South Sudan oil tanker blast 'kills 170'

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At least 170 people have been killed after an oil tanker exploded in South Sudan, officials say.

The tanker had veered off the road in Maridi, Western Equatoria state, and local residents were siphoning off the fuel when the vehicle exploded, they said.

At least 50 people are reported to have been injured.

Local hospitals have been overwhelmed, and state officials have appealed to the Red Cross and the UN for help.

The tanker was travelling from the capital Juba and was close to Maridi, some 250km (155 miles) away, when it came off the road and overturned.

Maradi county commissioner Wilson Thomas Yanga told the BBC's Focus on Africa programme that while the driver went to the nearest town to get help, local residents had descended on the tanker to collect some of the petrol it contained.

He said it was not yet clear what caused the explosion.

Mr Yanga confirmed the death toll had risen to 176, and said officials feared the true number of wounded was not yet known as many may have fled the scene.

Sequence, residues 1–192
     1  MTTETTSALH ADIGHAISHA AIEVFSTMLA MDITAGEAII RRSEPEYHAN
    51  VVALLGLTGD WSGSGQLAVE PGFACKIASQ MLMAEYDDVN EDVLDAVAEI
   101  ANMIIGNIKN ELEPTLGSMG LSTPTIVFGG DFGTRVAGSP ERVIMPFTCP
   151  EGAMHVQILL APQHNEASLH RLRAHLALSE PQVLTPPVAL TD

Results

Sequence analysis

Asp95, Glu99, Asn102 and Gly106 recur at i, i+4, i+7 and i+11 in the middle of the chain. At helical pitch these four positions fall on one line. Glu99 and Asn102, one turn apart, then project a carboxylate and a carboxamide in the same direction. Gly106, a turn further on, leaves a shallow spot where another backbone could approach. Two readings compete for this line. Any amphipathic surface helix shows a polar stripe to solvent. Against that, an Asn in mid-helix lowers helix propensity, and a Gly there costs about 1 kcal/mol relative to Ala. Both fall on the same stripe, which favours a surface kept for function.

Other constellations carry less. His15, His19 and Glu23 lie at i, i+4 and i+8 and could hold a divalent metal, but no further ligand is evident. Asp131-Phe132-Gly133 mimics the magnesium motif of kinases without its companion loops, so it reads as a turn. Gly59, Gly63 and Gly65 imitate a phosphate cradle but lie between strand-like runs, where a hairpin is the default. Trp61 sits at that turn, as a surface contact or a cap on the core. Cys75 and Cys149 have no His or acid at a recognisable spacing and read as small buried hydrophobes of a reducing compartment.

Doctors and medical staff were flying in from across the country to help with the emergency, he added.

Local doctor Chandi Savior told Radio Tamazuj that they were low on supplies of basics such as oxygen and pain killers.

He said many people had arrived with burns and they were "not really able to calm down this pain".

South Sudan became an independent country in 2011, after a peace deal with Sudan that ended Africa's longest-running civil war.

But the country is one of the poorest in Africa, and more than 2.2 million people have been forced to flee their homes because of a conflict between government troops and rebel factions.

A tentative internationally-mediated peace agreement was signed in August but the ceasefire has already been violated.